It was related directly. Of course, MR at the time was centered perhaps even more than at present on economic crisis and imperialism. It did a lot of economic crisis theories, and for me it was the key to understanding all of the changes occurring in our time. Looking at the developments in the 1980s, it was immediately clear that supply-side economics or Reaganomics was an integrated class-based, imperialist attack on the world's working populations. In the U.S. the goal was to overturn the gains that the working class had made in the New Deal along with the class-race gains of the Great Society. Keynesianism was to be eliminated because of its mild progressivism. The more this became clear the more important MR's analysis became. (I had toyed with fundamentalist Marxist economic analysis in the late 1970s when I first entered graduate school but I soon became convinced they could not explain current economic events and class-imperial challenges.) MR also represented a non-sectarian Marxism that seemed in the tradition of Marx himself. And the intellectual creativity was enormous. You have to remember that such classic, dialectically interconnected analyses as Monopoly Capital (1966), The Age of Imperialism (1969), Labour and Monopoly Capital (1974) all came out in fairly quick succession in this period. MR was also connected closely to what I considered the best of the British Marxist tradition: E.P. Thompson, Raymond Williams, and Ralph Millband, and to brilliant international figures like Eduardo Galeano, Daniel Singer, Istvan Meszaros, and Samir Amin.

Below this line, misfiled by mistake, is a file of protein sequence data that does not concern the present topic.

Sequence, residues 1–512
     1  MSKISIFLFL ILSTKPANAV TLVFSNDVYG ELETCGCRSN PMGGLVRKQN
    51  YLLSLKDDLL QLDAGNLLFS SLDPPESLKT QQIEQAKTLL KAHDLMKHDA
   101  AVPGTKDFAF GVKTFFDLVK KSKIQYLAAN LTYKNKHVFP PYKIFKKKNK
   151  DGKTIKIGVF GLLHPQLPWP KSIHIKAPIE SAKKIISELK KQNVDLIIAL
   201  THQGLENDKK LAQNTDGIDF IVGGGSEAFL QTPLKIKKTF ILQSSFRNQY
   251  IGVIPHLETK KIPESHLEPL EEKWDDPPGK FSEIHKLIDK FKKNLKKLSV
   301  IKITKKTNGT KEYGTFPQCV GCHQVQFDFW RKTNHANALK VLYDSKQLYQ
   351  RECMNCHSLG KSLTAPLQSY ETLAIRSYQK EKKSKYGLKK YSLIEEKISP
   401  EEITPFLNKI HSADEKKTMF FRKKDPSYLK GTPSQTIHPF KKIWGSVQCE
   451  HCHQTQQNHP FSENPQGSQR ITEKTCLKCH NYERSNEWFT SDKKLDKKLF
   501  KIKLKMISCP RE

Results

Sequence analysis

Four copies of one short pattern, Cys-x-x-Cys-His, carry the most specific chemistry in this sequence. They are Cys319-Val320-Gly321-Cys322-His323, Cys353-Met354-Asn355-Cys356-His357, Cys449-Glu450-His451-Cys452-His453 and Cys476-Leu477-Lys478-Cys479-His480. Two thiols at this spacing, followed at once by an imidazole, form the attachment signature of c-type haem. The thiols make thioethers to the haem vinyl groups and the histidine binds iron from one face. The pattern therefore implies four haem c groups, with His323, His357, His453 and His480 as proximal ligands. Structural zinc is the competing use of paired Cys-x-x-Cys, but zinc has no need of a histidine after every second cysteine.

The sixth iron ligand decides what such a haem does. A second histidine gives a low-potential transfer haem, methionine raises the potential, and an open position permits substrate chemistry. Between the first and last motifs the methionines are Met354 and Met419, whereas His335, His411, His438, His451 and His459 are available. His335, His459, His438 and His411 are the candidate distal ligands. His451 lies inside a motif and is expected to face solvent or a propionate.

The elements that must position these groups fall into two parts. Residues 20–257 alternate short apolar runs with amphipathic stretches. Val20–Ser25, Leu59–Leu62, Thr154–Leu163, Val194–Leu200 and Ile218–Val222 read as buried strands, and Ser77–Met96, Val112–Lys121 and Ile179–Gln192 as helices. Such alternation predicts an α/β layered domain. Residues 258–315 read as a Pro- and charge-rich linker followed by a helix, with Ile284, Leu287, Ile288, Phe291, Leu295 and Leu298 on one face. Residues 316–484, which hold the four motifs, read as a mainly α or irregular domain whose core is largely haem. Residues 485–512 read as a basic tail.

What is your academic training: sociology, economics, or ecology?